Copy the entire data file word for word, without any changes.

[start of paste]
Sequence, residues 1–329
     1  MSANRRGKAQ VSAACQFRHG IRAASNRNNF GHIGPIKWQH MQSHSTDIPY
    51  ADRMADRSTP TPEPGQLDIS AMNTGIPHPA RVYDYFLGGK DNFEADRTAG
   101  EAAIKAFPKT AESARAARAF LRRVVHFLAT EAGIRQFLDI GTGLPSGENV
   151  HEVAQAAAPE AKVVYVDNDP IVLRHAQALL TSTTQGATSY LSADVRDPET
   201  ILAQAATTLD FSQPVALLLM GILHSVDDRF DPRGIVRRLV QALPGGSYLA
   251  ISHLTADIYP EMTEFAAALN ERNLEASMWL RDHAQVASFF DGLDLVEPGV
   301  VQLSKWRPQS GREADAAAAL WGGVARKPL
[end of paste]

Sequence, residues 1–329
     1  MSANRRGKAQ VSAACQFRHG IRAASNRNNF GHIGPIKWQH MQSHSTDIPY
    51  ADRMADRSTP TPEPGQLDIS AMNTGIPHPA RVYDYFLGGK DNFEADRTAG
   101  EAAIKAFPKT AESARAARAF LRRVVHFLAT EAGIRQFLDI GTGLPSGENV
   151  HEVAQAAAPE AKVVYVDNDP IVLRHAQALL TSTTQGATSY LSADVRDPET
   201  ILAQAATTLD FSQPVALLLM GILHSVDDRF DPRGIVRRLV QALPGGSYLA
   251  ISHLTADIYP EMTEFAAALN ERNLEASMWL RDHAQVASFF DGLDLVEPGV
   301  VQLSKWRPQS GREADAAAAL WGGVARKPL